Such a condition does not surprise us, for in Matthew 6:10 we are taught to pray, "Your will be done." Yet what John is talking about is not a general prayer, for such general prayers get general answers. In fact, if the Lord's Prayer is an outline for prayer and not a prayer itself, it too is not expressing a general wish. Instead, John is talking about knowing and praying the specific will of God in a given instance. This is not always pleasant; nor does one come to know and submit to this will easily. Jesus in Gethsemane also prays, "Yet not what I will, but what you will" (Mk 14:36). He did not come to this submission without a struggle. He appears to have begun his prayer dreading what was coming and hoping that there might be a way in the will of God for it not to happen. In his struggle in those hours he apparently saw clearly that the Father had only one way, the cross. Therefore Jesus comes to the place of submission to that will. But it was not easy; it was not without groans and cries and sweat.
John, then, is suggesting to his readers a relationship with God in which they too will pray God's will back to him. It may be no easier for them than for Jesus, who, although he wrestled with bigger issues, did not have a background of sin and disobedience to fight against and had a more intimate relationship with the Father than believers experience. But the process is analogous. Believers live in obedience to God (having repented of sin); now they come in prayer, perhaps already knowing the divine will, but otherwise listening and praying until they know that they are in line with God. It is then that the confidence comes that this prayer will indeed be heard.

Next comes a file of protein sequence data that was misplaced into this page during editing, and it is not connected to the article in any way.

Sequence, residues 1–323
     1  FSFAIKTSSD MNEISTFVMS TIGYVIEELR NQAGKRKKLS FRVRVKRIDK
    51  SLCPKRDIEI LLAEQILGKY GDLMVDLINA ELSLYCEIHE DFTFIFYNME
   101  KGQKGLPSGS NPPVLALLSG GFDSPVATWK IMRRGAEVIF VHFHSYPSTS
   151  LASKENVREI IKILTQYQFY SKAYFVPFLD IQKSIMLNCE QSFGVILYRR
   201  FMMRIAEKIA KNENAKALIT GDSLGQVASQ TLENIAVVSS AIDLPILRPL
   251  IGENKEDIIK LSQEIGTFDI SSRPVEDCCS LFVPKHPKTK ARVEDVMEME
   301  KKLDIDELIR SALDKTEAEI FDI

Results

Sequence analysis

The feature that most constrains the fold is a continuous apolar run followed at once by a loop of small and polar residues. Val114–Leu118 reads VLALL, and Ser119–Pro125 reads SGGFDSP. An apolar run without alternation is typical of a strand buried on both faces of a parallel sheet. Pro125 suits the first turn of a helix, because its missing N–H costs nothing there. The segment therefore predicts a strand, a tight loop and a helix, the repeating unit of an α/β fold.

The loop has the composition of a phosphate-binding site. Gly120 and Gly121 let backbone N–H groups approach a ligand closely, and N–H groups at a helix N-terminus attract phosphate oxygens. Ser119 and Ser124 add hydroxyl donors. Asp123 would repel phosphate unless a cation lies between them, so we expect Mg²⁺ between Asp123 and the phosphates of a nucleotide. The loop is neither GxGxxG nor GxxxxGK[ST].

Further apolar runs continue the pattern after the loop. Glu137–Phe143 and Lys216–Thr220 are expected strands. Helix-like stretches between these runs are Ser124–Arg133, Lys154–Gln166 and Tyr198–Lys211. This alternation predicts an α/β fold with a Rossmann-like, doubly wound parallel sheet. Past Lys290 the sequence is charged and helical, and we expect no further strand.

But why pray if one is only praying God's will back to him? Such a question, of course, tries to unravel the mystery of divine sovereignty and human responsibility. Yet without being able to solve that mystery, we can answer the real issue it poses. That answer is relatively straightforward. God in his sovereignty has chosen to work his will through human prayer. It appears to be his will not to do what he might like to do if human beings will not pray for it. On the one hand, this makes prayer a privilege. Christians are invited to work together with the Creator of the universe. He has chosen to make their freely willed prayers part of his plan. On the other hand, this gives prayer a security. If a believer does not correctly perceive the will of God, God is not bound to answer that prayer. We do not have to walk in fear that we will mess up the universe through ill-advised prayers.
This passage is often read as if it meant, "If we ask anything, according to his will he hears us." We do the asking, and then God decides if it is his will to hear us. This is not the relationship with God that John is presenting, for it is no confidence at all. Instead, he is presenting a relationship in which meditation on the words of Jesus (and obeying them as they are understood) and listening prayer are central. Out of this struggle to hear and then, perhaps, to will that will oneself, the Christian prays. That prayer, says John, rising like incense to the Father (Rev 5:8), will certainly be heard, receiving whatever it is that is requested. This is not only the theory of John, but it is also the experience of the numerous people of prayer down the centuries who have taken the time to learn to pray in this manner.
For more information on listening prayer, see Joyce Huggett, The Joy of Listening to God (Downers Grove, Ill.: InterVarsity Press, 1986).